Ruth Bader Ginsburg Shaped Me As a Lawyer and Father

Bathroom

For as seriously as she took the work, the justice knew that family always came first. Immediately following my clerkship, I spent a period at home with my daughter, trying to make up for all those late nights at the Court. The justice was thrilled when she learned that I was planning to be a stay-at-home dad for a while. She believed fervently that her life’s work of furthering equality in the law could never be realized without equality at home as well.

When I contemplated writing publicly about my experiences, which I ended up doing for The Atlantic, she was my biggest supporter. The justice knew the power of example—that if you live your own life according to your principles, others will follow. Her example has given permission to millions of women and men—including myself—to break free from artificial barriers that hold them back from fully pursuing all their identities, as mothers and fathers, breadwinners and caretakers. She wanted me to join her in carrying that mission forward.

I will be eternally grateful that my daughters—Caitlyn and her little sister, Cora— had the chance to know the justice and be inspired by her life and career. Yet her inspiration extends much further than those whom fate blessed with her personal presence in our lives. During my time at the Court, the Notorious RBG as a pop-culture phenomenon began to reach its crescendo. My co-clerks and I would race to be the first to show her the latest viral video or meme featuring her. She was tickled by these diversions, but seemed silently aware of the deeply serious undercurrent that lay behind her newfound fame.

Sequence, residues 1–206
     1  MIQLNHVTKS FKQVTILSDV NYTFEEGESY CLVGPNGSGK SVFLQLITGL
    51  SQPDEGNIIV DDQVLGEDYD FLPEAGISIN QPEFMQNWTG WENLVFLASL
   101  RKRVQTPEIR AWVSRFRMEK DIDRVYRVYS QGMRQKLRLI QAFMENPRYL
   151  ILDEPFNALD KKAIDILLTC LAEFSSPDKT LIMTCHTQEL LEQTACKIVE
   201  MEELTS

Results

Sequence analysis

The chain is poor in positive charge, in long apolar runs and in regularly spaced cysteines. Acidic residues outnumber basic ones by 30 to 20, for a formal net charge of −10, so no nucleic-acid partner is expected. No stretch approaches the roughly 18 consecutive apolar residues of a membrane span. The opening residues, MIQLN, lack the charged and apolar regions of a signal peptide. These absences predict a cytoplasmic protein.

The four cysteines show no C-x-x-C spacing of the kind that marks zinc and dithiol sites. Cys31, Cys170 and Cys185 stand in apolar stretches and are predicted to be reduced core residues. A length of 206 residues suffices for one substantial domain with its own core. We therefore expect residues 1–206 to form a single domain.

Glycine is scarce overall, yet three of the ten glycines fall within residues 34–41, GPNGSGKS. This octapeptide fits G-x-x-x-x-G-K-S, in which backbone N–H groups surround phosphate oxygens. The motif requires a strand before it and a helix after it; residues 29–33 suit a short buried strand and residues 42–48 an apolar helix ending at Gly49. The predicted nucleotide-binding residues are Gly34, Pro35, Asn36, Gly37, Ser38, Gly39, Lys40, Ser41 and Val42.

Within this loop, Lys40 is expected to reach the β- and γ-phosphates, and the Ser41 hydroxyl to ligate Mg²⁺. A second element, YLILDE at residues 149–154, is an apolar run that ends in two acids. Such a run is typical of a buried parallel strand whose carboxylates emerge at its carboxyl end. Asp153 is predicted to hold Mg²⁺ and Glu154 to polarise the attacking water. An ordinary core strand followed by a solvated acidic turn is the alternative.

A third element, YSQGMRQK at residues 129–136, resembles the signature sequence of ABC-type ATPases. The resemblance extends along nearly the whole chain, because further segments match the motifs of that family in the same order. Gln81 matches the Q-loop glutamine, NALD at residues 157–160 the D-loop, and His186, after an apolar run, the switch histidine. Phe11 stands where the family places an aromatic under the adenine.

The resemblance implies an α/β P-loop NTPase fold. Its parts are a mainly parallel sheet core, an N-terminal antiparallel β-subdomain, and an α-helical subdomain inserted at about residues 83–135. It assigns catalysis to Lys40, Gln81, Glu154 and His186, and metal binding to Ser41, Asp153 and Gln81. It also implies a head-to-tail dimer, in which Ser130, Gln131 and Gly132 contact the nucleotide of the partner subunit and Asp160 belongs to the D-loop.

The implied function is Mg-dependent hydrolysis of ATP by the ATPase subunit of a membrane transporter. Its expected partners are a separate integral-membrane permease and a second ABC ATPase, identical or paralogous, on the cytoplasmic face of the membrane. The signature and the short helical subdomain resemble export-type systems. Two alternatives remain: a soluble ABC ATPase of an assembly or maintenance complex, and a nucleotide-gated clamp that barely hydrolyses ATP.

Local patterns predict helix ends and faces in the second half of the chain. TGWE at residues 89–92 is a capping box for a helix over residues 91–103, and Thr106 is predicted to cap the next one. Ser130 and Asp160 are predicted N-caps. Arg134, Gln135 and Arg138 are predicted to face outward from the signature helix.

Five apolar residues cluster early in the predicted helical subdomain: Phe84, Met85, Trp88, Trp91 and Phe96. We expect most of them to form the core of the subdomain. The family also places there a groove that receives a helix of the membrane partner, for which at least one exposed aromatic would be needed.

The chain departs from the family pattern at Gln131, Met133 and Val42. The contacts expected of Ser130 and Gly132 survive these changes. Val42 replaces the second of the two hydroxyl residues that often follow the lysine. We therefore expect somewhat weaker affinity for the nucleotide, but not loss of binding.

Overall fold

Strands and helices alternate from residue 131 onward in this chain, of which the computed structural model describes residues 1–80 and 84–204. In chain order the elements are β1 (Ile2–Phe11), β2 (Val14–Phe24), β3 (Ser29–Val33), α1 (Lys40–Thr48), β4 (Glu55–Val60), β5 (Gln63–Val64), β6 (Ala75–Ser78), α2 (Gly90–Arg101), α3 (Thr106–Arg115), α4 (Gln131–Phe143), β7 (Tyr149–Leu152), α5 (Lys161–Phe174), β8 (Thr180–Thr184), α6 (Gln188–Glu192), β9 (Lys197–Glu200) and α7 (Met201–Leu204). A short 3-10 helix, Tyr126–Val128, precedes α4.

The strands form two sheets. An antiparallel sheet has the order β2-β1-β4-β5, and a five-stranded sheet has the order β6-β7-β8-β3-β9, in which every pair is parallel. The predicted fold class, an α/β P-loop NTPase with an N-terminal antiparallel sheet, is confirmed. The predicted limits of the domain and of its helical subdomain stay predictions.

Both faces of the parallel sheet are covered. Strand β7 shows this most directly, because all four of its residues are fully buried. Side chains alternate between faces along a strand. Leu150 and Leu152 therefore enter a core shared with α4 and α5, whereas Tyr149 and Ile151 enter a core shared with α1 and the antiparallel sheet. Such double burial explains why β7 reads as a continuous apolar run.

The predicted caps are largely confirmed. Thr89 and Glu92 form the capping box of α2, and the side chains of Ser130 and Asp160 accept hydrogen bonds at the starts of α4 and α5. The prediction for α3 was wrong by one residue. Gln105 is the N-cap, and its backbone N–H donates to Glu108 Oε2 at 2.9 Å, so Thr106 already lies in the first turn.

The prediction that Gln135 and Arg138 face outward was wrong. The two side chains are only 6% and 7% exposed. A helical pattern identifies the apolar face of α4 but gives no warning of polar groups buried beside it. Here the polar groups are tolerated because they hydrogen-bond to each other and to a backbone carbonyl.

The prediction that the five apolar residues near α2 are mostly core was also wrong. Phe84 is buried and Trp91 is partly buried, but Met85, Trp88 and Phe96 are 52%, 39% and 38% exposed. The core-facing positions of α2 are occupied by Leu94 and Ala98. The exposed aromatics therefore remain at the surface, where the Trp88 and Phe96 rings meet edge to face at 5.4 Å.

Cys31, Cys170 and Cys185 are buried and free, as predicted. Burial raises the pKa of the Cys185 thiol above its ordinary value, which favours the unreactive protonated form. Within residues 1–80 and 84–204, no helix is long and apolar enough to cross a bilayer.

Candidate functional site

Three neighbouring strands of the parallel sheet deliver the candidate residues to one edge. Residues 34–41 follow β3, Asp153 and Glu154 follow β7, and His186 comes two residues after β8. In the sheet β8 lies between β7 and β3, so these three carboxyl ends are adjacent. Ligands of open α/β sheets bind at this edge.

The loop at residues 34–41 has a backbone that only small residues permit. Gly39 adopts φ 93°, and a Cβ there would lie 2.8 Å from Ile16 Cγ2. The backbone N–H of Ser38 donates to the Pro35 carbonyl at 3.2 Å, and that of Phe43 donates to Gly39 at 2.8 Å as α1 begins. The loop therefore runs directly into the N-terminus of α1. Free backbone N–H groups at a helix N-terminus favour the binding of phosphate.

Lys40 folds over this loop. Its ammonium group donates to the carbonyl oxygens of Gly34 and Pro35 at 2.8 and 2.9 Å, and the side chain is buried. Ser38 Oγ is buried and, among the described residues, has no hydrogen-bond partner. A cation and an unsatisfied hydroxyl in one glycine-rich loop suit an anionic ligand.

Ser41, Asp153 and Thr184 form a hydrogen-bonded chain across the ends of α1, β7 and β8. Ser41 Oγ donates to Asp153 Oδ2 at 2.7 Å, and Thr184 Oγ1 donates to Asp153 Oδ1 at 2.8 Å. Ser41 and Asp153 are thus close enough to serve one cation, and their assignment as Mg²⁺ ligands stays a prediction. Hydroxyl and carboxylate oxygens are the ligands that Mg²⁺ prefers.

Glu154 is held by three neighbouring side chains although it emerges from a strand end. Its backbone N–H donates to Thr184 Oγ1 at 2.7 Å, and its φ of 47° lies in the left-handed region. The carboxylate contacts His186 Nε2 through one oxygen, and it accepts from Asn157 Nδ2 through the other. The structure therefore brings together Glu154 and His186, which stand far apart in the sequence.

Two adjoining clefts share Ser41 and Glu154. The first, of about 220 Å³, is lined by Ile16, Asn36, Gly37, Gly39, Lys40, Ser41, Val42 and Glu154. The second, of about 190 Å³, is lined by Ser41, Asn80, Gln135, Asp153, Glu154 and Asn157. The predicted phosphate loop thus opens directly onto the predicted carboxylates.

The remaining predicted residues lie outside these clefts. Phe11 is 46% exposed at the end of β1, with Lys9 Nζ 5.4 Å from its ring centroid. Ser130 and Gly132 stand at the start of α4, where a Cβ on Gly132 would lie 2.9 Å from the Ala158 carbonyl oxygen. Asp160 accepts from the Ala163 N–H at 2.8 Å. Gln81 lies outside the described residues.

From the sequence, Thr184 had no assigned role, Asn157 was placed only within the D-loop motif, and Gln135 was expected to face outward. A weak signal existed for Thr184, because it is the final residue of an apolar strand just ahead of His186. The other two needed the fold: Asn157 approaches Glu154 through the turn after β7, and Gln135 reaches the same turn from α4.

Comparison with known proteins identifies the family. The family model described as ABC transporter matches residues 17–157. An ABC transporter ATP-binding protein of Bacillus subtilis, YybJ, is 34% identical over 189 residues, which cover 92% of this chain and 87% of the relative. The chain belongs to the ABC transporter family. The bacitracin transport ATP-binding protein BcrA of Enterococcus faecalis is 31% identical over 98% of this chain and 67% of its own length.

Maybe in a truly equal world, we wouldn’t need heroes like Justice Ginsburg. But we still do. To so many little girls and boys, she has served, and will forever continue to serve, as a shining example of the pragmatic idealism that has shaped this nation since its founding. A force that propels us to reach beyond ourselves to envision a better future, and to work tirelessly to make that vision a reality.

For my part, she will always be standing over my shoulder, encouraging me to be a better father and an equal partner. And she will always be the exacting yet supportive boss, inspiring me to work harder until the job is done right.

The last time I spoke with the justice in person was in the courtroom last fall, during my first oral argument at the Supreme Court. As I waited for my turn to speak, I was more nervous than I had ever been, uncertain whether I had what it took to meet the moment. But when I looked up at the bench, I saw the justice gazing down at me with a warm, reassuring smile that told me everything was going to be all right.

In recent days, I’ve received many heartfelt messages of condolence. For so many of us who loved her dearly, the feeling of personal loss is incalculable. But at the same time, it heartens me to know that the loss is one we all bear together. Justice Ginsburg’s legacy belongs to all of us. It buoys me to see people inspired to carry forward her vision of a more equal and just society. She would have expected no less. And if she were still here, she’d reassure us with a smile and a hug, and tell us to get to work.

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Ryan Park is an attorney based in Durham, North Carolina, and a former law clerk to U.S. Supreme Court Justices David H. Souter and Ruth Bader Ginsburg.

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